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Are Video Games Changing?

What was once a mildly frowned-upon hobby is now a billion-dollar industry that rivals the longstanding power of the music and film worlds. They’re becoming more immersive every year with inventions like VR pushing the boundaries of the medium to new extremes.

In a post-pandemic world, video games’ ability to provide a digital ‘third place’ or recreational space is particularly powerful. People are also looking for the best play to earn nft games, especially after the introduction of cryptocurrencies and blockchain technology, so that they could make some cash while playing these games. Anyway, let’s look at how video games are changing both in their form and in their function, and why you should be paying attention.

A Growing Social Responsibility

‘With great power comes great responsibility’ is ringing particularly true for game developers who want to cater to their fans whilst avoiding fire from news outlets and concerned parents. Few pieces of media have created as much controversy and notoriety in the last 20 years than video games.

A lot of the judgements and concerns around the ethics of video games are valid. They’ve been known to spread misogynistic views and normalize gratuitous violence. They then rely on children and teenagers to buy their products, people who maybe shouldn’t be exposed to these themes and ideas.

Gamergate And A New Generation Of Gamers

Following the infamous ‘Gamergate’ event, many mainstream studios have moved towards inclusive characters and themes. This move received a mixed reaction from the old gaming community, but it no longer mattered. The gaming community has changed as games have changed, and this wider audience has generally accepted this transition as the morally responsible thing to do.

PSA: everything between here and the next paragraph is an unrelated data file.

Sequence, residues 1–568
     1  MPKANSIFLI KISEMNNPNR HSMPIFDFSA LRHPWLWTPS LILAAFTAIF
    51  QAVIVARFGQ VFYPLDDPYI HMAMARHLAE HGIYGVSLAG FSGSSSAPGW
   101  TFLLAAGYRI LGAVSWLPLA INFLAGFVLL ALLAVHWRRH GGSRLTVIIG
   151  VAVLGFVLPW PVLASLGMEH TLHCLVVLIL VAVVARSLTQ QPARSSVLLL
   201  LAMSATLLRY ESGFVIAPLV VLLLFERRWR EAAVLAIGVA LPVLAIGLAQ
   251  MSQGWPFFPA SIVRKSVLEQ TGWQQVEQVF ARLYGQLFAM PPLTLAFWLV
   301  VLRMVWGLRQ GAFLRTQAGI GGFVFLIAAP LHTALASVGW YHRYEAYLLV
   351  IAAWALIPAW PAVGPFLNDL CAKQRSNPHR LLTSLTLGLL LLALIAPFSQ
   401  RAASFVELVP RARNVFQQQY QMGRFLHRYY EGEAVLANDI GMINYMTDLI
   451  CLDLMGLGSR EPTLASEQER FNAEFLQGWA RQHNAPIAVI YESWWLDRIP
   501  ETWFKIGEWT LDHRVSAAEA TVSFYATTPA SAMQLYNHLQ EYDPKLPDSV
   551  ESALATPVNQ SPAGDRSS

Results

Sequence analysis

What was Gamergate? For those who don’t know, Gamergate started when a game developer accused his then-girlfriend of cheating on him to further her career as a gaming journalist. This event started an ugly backlash against female involvement in the gaming industry that exposed the regressive views held by a large portion of the subculture.

Instead of forcing women out of the video game industry, the backlash served to see an increase of diversity in video game narratives and a distancing of studios from their original fanbase. This left the window open for a new wave of gamers and game enthusiasts who had once felt excluded from these digital worlds.

Video Games And The Pandemic

The Covid-19 pandemic saw a huge upsurge in interest in video games as people around the world started searching for ways to keep themselves occupied. Gaming companies started brainstorming new ideas to introduce to everyone. Payment services companies (like Xsolla) started providing funding options to game developers to get their products in the market. What they found was a world that could easily be compared to social media, but without the need for a serious virtual persona. Video games had become a new ‘third place’.

A third place is a space apart from the home and the workplace where people gather to socialize. Bars, gyms and churches are all examples of third places. Zoom meetings and photoshop might represent digital workspaces, places of production. Tumblr or Instagram could represent a home space – a place curated with things one finds beautiful or comforting. Video games then would represent the spaces most affected by the pandemic – places where social gatherings occur.

Whether you like it or not, video games and pokies apps will no doubt come to represent a large portion of what constitutes leisure time in coming years.